Development of a finite element model to study the effects of muscle forces on knee-thigh-hip injuries in frontal crashes.

A finite element (FE) model with knee-thigh-hip (KTH) and lower-extremity muscles has been developed to study the potential effects of muscle tension on KTH injuries due to knee bolster loadings in frontal crashes. This model was created by remeshing the MADYMO human lower-extremity FE model to account for regional differences in cortical bone thickness, trabecular bone, cortical bone with directionally dependent mechanical properties and Tsai-Wu failure criteria, and articular cartilage. The model includes 35 Hill-type muscles in each lower extremity with masses based on muscle volume. The skeletal response of the model was validated by simulating biomechanical tests without muscle tension, including cadaver skeletal segment impact tests documented in the literature as well as recent tests of seated whole cadavers that were impacted using knee-loading conditions similar to those produced in FMVSS 208 testing. Simulations of knee-to-knee-bolster impacts conducted with and without different levels of lower-extremity muscle activation reported in the literature for braking/bracing suggest that muscle tension has the potential to decrease the externally applied force required to cause KTH fracture, and the potential to increase the likelihood of femoral shaft fracture relative to hip fracture by increasing bending moments in the femoral shaft. However, more reliable and complete data on activation levels of muscles in the lower extremities during vehicle braking and bracing are needed before this effect of muscle tension can be confirmed and before the overall effects of muscle tension on KTH injury can be determined.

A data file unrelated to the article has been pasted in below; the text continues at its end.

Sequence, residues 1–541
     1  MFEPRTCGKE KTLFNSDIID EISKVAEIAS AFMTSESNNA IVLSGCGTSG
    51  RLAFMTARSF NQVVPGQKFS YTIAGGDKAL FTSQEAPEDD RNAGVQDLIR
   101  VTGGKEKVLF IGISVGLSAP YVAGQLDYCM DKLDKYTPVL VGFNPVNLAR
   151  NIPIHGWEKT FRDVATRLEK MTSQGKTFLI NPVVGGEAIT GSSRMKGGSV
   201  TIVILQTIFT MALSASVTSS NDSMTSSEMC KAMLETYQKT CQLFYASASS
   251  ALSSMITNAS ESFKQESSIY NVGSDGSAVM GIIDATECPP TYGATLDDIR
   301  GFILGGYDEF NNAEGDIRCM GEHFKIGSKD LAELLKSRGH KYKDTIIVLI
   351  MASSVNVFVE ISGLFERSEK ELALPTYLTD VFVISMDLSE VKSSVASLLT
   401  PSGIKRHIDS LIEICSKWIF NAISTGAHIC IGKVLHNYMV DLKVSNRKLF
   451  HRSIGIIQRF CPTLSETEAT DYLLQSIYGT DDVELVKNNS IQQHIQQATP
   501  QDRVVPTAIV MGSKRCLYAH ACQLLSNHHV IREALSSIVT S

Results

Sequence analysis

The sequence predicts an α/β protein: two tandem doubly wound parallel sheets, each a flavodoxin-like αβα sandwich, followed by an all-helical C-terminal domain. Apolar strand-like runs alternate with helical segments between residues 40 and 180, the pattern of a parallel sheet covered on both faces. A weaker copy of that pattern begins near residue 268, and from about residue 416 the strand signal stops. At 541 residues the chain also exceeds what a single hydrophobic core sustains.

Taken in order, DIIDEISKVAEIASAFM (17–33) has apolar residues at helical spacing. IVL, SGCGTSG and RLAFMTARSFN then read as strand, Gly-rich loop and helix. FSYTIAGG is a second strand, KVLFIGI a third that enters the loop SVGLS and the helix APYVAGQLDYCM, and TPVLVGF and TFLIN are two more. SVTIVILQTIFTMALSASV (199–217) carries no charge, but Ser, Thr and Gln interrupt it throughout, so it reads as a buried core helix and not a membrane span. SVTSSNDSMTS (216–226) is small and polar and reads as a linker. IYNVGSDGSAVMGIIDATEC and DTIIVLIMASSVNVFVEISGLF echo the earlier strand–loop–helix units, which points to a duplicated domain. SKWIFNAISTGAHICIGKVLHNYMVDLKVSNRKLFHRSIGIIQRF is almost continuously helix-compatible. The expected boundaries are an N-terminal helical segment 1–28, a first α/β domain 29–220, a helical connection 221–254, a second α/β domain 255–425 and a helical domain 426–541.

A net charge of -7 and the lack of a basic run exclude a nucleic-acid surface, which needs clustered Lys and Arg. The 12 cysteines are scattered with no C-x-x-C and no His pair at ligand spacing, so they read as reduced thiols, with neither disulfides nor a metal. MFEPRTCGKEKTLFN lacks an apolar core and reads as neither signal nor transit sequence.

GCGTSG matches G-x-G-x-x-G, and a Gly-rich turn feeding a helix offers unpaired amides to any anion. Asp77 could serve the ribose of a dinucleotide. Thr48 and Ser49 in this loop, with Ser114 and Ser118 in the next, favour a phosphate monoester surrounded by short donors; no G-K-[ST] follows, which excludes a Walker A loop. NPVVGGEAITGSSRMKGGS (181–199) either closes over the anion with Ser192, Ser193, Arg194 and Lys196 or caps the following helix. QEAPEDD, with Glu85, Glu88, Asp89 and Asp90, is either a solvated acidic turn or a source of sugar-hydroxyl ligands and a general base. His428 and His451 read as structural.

AuthorsChia-Yuan Chang, Jonathan D Rupp, Noboru Kikuchi, Lawrence W Schneider
JournalStapp car crash journal (Stapp Car Crash J) Vol. 52 Pg. 475-504 (Nov 2008) ISSN: 1532-8546 [Print] United States
PMID19085173 (Publication Type: Journal Article, Research Support, Non-U.S. Gov't, Research Support, U.S. Gov't, Non-P.H.S.)
  • Accidents, Traffic
  • Biomechanical Phenomena
  • Cadaver
  • Femoral Fractures (physiopathology)
  • Fractures, Bone (physiopathology)
  • Hip Fractures (physiopathology)
  • Humans
  • Knee Injuries (physiopathology)
  • Models, Anatomic
  • Muscle, Skeletal (physiopathology)

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